Italy’s Vincenzo Nibali was on course to win the Tour of Spain after staging a courageous counter-attack against Spain’s Ezequiel Mosquera in the penultimate stage here on Saturday.
The Spaniard won the grueling and decisive mountainous stage by just one second ahead of Nibali, of Liquigas, who now has a comfortable 41-second lead over the Xacobeo rider going into Sunday’s finale in Madrid. And the 25-year-old Nibali, who was third in the Giro d’Italia this year, now appears set to claim one of cycling’s three Grand Tours for the first time.
Ahead of this year’s Tour of Spain, many had predicted the event would be won or lost in the 20th stage, a 172.1-kilometre ride from San Martin de Valdeiglesias to atop the 2,247-metre Bola del Mundo in the Guadarrama mountain range northwest of Madrid. And so it proved.
In one of the most exciting stage finishes of this year’s event, Mosquera pulled away in the steep climb of the final kilometres. The 34-year-old Spaniard, who is known as the better climber, built up a lead of 20 seconds over Nibali. But the Italian was ready for him, and responded with a gritty assault of his own. Third was Spain’s Joaquin Rodriguez of Katusha, 23 seconds behind Mosquera.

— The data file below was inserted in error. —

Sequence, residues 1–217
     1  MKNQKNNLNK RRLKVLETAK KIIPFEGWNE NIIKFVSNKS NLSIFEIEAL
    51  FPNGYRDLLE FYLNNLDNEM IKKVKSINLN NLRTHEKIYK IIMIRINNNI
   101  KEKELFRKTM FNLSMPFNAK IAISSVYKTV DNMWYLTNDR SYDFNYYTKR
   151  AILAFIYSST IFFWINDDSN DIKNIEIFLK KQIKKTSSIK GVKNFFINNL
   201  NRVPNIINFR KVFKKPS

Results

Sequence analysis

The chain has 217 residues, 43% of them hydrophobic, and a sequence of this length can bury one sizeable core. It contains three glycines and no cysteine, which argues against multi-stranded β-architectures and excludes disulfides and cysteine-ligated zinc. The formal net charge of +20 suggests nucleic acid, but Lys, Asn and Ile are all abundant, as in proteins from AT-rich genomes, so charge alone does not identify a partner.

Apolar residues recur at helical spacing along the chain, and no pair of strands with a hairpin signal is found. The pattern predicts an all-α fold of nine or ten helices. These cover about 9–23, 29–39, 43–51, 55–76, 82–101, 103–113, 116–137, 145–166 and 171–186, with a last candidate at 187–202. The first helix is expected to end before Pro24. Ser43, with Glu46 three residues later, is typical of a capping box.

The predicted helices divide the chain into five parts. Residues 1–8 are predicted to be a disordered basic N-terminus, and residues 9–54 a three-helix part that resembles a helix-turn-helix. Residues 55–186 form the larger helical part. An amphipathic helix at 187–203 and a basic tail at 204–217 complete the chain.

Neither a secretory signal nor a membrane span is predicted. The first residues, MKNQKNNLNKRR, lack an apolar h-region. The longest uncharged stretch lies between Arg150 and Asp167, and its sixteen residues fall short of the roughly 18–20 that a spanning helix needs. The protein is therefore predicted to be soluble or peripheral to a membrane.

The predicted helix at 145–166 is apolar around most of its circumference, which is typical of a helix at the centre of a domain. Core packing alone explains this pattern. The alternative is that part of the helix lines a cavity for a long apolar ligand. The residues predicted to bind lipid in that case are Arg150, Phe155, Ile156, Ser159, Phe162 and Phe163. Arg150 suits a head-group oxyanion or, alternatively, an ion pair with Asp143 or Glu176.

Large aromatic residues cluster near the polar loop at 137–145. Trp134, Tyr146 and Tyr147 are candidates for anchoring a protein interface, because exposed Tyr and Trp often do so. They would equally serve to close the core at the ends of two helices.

Nibali was exultant at the prospect of clinching the Tour on Sunday. “When you win (a Grand Tour) it’s an honour, especially against a rival like Mosquera who deserved to win,” said Nibali. “It’s an important victory. I will join the group of ‘great riders’ and it’s something I had dreamed of since I was very young,” he said. “I knew that the last three kilometres would be the hardest, and they were crucial, that I should always be close to Mosquera. I tried to control (the race) as much as possible, and when I saw that I was catching him up I thought everything was possible.”
Mosquera was tearful over his failure to put enough distance between him and Nibali. “I attacked to win the Tour not the stage, but Nibali was very strong, he showed that he knew how to manage the situation,” he said. “I pushed myself to the limit thinking that I could win the stage, dreaming of winning the Tour, when I saw that (Nibali) had caught up I thought it was all lost… But I’m proud of being behind a great champion like Vincenzo Nibali.”
On Sunday, the riders cover a short and flat 81-kilometre route from the Madrid suburb of San Sebastian de los Reyes to end the Tour on the Spanish capital’s main avenue, the Paseo de la Castellana.